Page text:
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Top 20 Colorful Personalities in Soccer History

Traditionally seen as the working man's game throughout Europe and South America, one of the reasons soccer is so loved is because of the characters that have blessed the game. The sport seems to be a magnet for eccentric's and big personalities. It can be the case that characters such as the one's on this list, can attract those from outside soccer, who are not normally interested in the game, towards it.

When it comes to players, the biggest personalities can sometimes be the most difficult to manage. With managers, the big characters can often be the most beloved, but for the most brash one's with the biggest ego's, they need success in order to avoid looking foolish. Whilst some of these colorful characters divide opinion, most are universally liked and loved figures.

The game needs colorful personalities and these players sure do the game favors. While opinions may vary on these players, fans of the game can't deny that the game wouldn't quite be the same without them. After all, we shouldn't all want robots walking around out there, would we? Not only are these players packed with talent, but they have the a certain presence about them that piques our interest as well.

The media and press focus in more recent years means there is an inevitable bias towards the modern game in this list. There will, no doubt, have been some great personalities of the game between the turn of the century and the Second World War, but sadly, far less is known of these figures. Here are the top 20 personalities in the history of soccer:

20 Gianfranco Zola

Ben Radford/Allsport

19 Francesco Totti

via youtube.com

18 Lionel Messi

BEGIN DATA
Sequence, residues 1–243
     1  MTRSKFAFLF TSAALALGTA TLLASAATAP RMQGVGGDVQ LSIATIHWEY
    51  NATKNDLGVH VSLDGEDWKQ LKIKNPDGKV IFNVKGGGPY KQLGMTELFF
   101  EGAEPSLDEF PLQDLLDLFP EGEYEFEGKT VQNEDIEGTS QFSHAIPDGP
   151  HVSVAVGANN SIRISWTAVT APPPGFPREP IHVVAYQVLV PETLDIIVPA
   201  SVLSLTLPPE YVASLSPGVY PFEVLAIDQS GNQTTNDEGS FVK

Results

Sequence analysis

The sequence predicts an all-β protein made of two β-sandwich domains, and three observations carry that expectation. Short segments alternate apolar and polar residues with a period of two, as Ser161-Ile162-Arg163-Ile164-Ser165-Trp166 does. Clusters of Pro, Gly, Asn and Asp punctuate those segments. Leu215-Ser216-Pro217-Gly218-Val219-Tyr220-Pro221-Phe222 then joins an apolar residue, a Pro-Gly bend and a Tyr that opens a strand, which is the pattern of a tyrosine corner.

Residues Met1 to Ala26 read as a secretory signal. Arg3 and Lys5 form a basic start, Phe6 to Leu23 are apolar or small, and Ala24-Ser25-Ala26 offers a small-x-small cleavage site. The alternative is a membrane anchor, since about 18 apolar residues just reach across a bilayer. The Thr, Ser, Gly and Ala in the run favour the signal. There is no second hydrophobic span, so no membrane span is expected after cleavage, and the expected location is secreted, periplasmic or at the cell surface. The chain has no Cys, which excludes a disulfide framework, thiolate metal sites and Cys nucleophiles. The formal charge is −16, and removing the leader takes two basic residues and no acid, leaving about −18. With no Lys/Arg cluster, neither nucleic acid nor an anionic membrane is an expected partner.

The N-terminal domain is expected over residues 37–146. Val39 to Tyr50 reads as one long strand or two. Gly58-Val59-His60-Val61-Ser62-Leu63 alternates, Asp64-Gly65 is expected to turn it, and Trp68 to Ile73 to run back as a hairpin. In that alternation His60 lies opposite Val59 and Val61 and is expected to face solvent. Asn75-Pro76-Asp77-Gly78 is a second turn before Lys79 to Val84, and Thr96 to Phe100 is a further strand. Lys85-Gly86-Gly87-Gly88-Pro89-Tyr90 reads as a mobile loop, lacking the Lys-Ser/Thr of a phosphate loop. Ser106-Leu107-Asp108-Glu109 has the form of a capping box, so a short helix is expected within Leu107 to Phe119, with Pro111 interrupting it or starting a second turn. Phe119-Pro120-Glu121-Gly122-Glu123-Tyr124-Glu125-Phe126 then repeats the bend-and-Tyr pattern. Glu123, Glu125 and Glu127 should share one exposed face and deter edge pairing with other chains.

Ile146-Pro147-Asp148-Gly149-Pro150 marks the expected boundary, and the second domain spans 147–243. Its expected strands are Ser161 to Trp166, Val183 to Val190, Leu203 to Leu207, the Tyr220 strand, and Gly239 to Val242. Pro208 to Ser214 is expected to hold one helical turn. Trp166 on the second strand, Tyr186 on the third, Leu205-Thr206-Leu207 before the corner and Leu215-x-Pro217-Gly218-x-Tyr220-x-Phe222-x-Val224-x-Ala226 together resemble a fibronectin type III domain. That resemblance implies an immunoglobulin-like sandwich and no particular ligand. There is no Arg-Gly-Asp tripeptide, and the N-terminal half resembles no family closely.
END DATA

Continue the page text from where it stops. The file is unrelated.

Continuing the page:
REUTERS/Gustau Nacarino

17 Mohamed Aboutrika

via fifa.com

16 Jose Mourinho

via fourfourfeed.com

15 Jose Luis Chilavert

via aldia.cr

14 Stan Bowles

via stanbowles.net

13 Andrea Pirlo

via thebeermag.com

12 Frank Worthington

via whoateallthepies.tv

11 Roger Milla

via taringa.net

10 Eric Cantona

via theguardian.co.uk

9 Sir Bobby Robson

via inveterate.com

8 Diego Maradona

Claudio Fanchi (Enviado Especial) / jcp

Perhaps the most divisive figure on this list, a large number of people will refuse to admire Diego Maradona, and they have every right to do so. A cheating cocaine addict, Maradona is perhaps not what you would call an ideal role model, but despite such flaws most find it difficult not to revere the pure genius which was Diego Maradona in his prime.

7 George Best

Colorsport/Stewart Fraser

6 Zlatan Ibrahimovic

via potins.net

5 Rene Higuita

via performgroup.com

When you hear that someone is nicknamed 'the Madman' it is probably a safe assumption to make that they are a bit of a character, and Rene Higuita most certainly is that. The 'sweeper keeper' role which Higuita made his own was one that always left the possibility of humiliation, but when carried off successfully was quite a sight. The likes of Manuel Neuer and other goalkeepers who partake in more play than is expected of them owe a lot to Higuita, who was the first man to experiment with this style.

4 Paul Gascoigne

Billy Stickland /Allsport

3 Bill Shankly

via pinterest.com

2 Socrates

via pinterest.com

1 Brian Clough

via gqmagazine.com

The greatest manager England never had, Brian Clough is the greatest personality in the history of football, if not the history of sport. A prolific striker whose career was cut short through injury, Cloughie immediately turned to management. Another man plagued by alcohol addiction, before he began hitting the bottle heavily, he was arguably the greatest manager in the history of the game. He guided Derby from second division nobodies to league champions before taking Nottingham Forest from equal obscurity in the second division and transforming them into consecutive European Cup winners.

His quotes and epigrams are so pithy, so witty  and so great in volume that they have been transformed into entire books. When asked how he dealt with player disagreements, he said, "We sit down. We talk about it for 20 minutes. And we decide I was right." With regards to his philosophy of the game he said, "If God had wanted us to play football in the clouds, he'd have put grass up there." And, of course, never short of self-confidence, "I wouldn't say I was the best manager in the business, but I was in the top one." Clough's outspoken nature and wit caused him some disagreements over his career but for the most part, they made him the most beloved and interesting figure of the English game.

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Top 20 Colorful Personalities in Soccer History